As our crew of three navigated up Interstate 65, the echoes of Jake brakes and rumble strips were slowing overtaken by the sound of roaring V8 engines in the duct-taped Crown Victoria “bombers”. The grizzly bears producing the sound of a small town Saturday night were retired police cars in various color schemes, vintage models, and decorated with local small business logos. The common themes were the fender dents, Bondo band-aids, and racing glove covered thumbs up as they cruised passed their cheering family and friends in the crowd during practice laps. We pulled into a lot that was sparse with gravel; the main ingredient was crab grass and overgrown weeds. We were flagged into our proper parking alignment as the Bombers’ siren calls crashed our eardrums like ocean waves building momentum into turn one, then growling out of turn two into the back stretch. When our doors opened, we were welcomed with the smell of “America Pride”: overworked motor oil, the firing of tarnished engine valves, and bald tires burning off their final tread filled the noses of the 3 cities boys from across the creek. Our faces could barely contain our smiles. We walked inches off the ground up to the faded entrance that has been desperately in need of a paint job since the early 90’s. We each had our $15 cash fee in hand 20 yards ahead of the gate in anticipation for an awesome evening. The excitement in our bellies was no match for the butterflies in the stomach of the hero of this story….. Chad “HushPuppy” Deeley.
As we climbed the grandstand steps we were welcomed by a waving paw from Josh “Pelican” Endler. The Deeley fan base had setup 8 rows up just past the checker painted finish line prior to turn one. As our shoes clinked the metal general admission bleacher seating, our reception was filled with high fives, hugs, and offers of cooler cold Busch Lattes. Our protagonist, welcoming us with a grin, was doing his best to contain his emotion. His eyes quickly gave away his overflowing pride. Surrounded by his newborn baby girl, girlfriend Elle, mother, and seven goofballs from the gloom, he commented about the extremely technical specs of his chariot, “It’s Fast. Currently a little loose, but the sun dropping should cool the track and give me some more grip in the turns.” Puppy has the frame of the typical NASCAR driver, Dale Jr.-like: six foot one and a half, slender with identical auburn hair as his baby girl. As I found out later in the night, a slender frame makes it much easier to get in and out of the driver seat. I didn’t quite make it into the cockpit. But, unlike your author, driving is in Chad’s blood. The Deeley name carries weight in the racing community and rightfully so. Multiple generations of Deeleys earned the right to a picture in the winner’s circle. In fact, I learned from Chad’s young niece, daughter of his brother Tommy, “My Dad has some really tall trophies!”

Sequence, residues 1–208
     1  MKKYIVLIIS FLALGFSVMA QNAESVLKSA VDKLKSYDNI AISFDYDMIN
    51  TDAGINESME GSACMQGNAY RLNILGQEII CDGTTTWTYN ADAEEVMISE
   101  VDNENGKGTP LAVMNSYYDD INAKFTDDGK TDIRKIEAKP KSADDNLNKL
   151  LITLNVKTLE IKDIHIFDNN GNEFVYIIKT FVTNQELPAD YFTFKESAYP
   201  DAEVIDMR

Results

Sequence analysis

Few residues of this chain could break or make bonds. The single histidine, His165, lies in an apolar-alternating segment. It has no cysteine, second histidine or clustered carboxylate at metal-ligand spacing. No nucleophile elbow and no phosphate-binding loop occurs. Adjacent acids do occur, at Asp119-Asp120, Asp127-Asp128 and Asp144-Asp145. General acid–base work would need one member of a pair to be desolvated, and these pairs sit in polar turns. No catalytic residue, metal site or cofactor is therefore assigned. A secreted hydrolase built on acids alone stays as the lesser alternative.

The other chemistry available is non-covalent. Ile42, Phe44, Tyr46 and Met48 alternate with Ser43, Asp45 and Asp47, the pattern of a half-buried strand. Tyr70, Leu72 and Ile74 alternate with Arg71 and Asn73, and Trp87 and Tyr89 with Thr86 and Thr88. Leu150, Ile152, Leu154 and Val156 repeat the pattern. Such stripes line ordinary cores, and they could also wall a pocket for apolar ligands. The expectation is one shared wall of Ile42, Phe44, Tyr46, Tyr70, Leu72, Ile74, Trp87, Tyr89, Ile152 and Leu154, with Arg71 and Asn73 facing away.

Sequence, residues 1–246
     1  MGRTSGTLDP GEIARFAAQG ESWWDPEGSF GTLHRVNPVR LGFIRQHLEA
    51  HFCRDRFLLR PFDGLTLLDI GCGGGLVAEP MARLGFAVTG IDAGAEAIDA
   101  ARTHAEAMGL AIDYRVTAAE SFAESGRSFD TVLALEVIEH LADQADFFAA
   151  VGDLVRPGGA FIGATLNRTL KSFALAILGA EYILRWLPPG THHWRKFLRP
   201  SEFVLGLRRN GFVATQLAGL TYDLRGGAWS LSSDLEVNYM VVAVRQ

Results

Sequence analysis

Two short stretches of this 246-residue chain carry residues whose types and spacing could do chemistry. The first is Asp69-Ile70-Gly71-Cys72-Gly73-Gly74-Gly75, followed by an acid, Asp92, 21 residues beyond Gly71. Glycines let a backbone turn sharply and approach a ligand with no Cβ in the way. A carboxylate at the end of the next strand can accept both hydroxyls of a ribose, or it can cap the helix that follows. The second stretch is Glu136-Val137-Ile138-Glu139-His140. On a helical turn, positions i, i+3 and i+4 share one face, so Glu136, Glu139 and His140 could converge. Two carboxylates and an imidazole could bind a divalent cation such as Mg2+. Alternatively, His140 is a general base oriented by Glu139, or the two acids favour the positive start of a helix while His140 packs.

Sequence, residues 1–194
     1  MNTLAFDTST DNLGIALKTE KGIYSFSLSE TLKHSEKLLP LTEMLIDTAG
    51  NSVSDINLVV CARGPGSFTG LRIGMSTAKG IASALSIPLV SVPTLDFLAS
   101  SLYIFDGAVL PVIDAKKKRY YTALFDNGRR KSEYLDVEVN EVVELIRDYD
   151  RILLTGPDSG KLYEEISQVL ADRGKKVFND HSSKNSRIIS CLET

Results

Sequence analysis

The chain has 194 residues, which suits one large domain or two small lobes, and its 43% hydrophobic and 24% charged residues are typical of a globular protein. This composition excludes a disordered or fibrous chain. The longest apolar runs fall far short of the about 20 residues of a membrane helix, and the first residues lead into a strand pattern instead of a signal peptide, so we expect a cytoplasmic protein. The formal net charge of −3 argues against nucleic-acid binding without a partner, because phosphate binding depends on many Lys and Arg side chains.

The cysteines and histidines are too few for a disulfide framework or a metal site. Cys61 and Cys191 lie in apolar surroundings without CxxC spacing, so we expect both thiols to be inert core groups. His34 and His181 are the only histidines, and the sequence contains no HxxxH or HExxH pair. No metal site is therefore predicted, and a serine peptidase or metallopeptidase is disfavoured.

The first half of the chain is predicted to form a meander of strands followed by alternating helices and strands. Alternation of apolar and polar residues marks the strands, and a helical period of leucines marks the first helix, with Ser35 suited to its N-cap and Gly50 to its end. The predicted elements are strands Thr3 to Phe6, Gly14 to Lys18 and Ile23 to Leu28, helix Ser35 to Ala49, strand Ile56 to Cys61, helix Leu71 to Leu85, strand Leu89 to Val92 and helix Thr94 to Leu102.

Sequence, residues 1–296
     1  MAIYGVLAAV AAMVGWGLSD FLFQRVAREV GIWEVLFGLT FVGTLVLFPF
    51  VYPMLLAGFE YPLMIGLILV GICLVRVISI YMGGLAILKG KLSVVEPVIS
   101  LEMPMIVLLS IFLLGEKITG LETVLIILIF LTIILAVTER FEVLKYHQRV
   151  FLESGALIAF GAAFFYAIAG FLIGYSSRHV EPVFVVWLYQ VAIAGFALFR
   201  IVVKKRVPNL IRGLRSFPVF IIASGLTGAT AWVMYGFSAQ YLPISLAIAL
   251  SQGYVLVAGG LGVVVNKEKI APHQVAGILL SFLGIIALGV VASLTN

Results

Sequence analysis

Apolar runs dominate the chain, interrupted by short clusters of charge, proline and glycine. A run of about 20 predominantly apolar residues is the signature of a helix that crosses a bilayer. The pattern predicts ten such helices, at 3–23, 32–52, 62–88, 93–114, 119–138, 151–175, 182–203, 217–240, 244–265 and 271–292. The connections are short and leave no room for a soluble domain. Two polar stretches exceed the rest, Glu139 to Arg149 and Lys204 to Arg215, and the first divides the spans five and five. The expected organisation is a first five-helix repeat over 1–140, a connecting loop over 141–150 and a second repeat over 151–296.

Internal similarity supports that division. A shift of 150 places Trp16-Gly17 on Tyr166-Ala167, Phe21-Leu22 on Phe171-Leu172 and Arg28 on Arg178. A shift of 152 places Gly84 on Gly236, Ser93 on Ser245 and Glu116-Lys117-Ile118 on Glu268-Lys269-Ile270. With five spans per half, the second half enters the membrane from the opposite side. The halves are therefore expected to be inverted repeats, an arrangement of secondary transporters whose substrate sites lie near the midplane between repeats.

Exiting the grandstands, HushPuppy told us he would give a wave from the car and thanked us all for attending. It meant to the world to have the loudest cheering section in an audience filling ~35% full capacity. The crowd did its best to cover the hot-to-the touch metal bleachers, but record inflation and unimaginable gas prices hits the racing demographic hard. Even with the few missing fanatics, when a bruised maroon bomber with the slogan “Buck Fiden” rolled down the front stretch, claps, cheers, and laughter followed in his exhaust. The place sounded packed to the gills. Politics aside, these were salt of the earth people- exactly what the coastal folk think of the “fly over states.” Hell, the men’s bathroom consisted of a 4” curbed concrete trench with flowing water and a common drain. It was at least painted. Stage-frightened turtles didn’t fare well. Outside of the restroom, Marlboro Reds filled the air like the surgeon general never existed. But, as my travel companion Brink “Tony Malito” Shin proclaimed, “These are good people. Just, damn good people.” I believe he is right. If a tree was down in your backyard after a storm, you would awake to their chainsaws before you could ask a favor.
Our main event didn’t kick off until later in the evening, so we were treated with numerous “heats”. These were 10 lap races to allowed drivers to fight for starting positions in the main event. No such thing as “time qualifiers” at the Clark County SportsDrome Speedway. Starting positions were earned with guys and glory – along with unintended spin outs, crashes, and middle fingers. The unwritten rules of stock car racing must be encyclopedia thick. Tempers rage on the track and pits were even hotter when the racers exited the track.
It wasn’t until sunset when the Puppy Sled made its appearance for the “F3 – 30”. With a Moby Dick mural on the front quarter panel, the #18 “Street Stock”, a variation of a late model stock car, roared onto the track. Swerving left to right to heat the feet, Chad was where he belonged. The white and blue painted body with red trim stripe hid the 1976 Chevy Malibu heart. It was years out of mint condition, but the experience gained from countless left turns around the semi oval is unquantifiable. Confidence was at an all-time high when we got the personal nod that was promised as the racers began their first of two practice laps. Our section erupted when a greasy glove extended out the driver’s window and gave us the signal that it was time to kick some ass. Chad’s better half looked back and mentioned, “He said it’s fast. He should be able to get from 6th to the front quickly.”